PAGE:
Doctors say getting COVID-19 poses much bigger risk of blood clots

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OTTAWA — The national advocacy group for patients with blood-clot disorders says there is a greater risk of getting blood clots from COVID-19 than there is from the vaccine.

Thrombosis Canada issued an updated statement on the risk of blood clots late Thursday, after the European Medicines Agency released its final report on the risk of blood clots after getting the Oxford-AstraZeneca vaccine.

The agency says there is no evidence of increased risk of blood clots from the vaccine, but added there is still not enough evidence to say if the vaccine played a role in a small number of clots in the vein that drains blood from the brain.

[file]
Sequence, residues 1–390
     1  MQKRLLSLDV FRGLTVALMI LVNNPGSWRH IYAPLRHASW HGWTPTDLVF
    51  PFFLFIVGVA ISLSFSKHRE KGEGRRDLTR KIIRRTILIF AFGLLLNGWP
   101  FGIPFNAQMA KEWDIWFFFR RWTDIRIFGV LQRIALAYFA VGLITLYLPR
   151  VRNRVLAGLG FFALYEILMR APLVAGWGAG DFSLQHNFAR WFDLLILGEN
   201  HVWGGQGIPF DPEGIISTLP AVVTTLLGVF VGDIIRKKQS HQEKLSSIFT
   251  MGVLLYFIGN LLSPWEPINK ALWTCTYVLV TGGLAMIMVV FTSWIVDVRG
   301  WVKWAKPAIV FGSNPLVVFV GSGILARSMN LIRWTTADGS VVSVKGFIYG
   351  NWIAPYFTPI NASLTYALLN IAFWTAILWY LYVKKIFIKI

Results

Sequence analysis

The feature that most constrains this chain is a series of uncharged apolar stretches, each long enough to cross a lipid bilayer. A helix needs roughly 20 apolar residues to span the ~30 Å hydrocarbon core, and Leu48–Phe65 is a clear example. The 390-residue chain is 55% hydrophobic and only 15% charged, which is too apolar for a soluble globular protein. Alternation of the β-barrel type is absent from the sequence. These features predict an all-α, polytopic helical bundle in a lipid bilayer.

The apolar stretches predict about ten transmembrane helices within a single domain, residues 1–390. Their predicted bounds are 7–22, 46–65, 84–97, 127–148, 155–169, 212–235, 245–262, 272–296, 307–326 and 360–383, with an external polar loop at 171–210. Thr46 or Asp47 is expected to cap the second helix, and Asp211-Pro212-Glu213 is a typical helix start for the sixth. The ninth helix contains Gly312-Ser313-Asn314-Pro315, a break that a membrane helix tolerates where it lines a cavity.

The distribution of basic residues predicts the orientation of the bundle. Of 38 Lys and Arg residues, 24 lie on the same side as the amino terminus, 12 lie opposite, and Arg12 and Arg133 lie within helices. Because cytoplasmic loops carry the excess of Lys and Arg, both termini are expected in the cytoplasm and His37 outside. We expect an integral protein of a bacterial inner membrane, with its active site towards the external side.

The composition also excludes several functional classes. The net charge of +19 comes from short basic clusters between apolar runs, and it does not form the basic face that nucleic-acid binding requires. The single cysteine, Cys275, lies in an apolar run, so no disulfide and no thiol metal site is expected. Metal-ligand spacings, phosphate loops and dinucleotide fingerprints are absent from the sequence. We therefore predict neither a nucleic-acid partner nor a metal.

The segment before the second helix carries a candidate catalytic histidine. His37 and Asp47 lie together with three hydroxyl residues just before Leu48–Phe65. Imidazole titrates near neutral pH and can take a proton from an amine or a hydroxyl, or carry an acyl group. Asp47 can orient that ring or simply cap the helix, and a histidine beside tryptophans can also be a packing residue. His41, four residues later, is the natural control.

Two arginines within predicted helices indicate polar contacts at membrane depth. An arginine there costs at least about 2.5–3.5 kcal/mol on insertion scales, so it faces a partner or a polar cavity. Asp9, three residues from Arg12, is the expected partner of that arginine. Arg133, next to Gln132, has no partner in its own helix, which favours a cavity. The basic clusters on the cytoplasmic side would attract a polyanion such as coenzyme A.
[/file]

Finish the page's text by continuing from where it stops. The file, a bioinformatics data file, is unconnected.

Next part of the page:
Thrombosis Canada, whose board is made up of physicians specializing in blood clots, says the incidence of those clots, known as cerebral sinus vein thrombosis, occurred at a rate between one in 250,000 to one in 500,000 people who received the vaccine.

By comparison, they say blood clots occurred in about one in 20 people hospitalized with COVID-19 and about one in 100 patients who have COVID-19 but were not hospitalized.

At least four European countries that halted AstraZeneca injections pending the review are resuming them, with France, Germany and Italy restarting the vaccinations today and Spain planning to do so next week.

This report by The Canadian Press was first published March 19, 2021.

Mia Rabson, The Canadian Press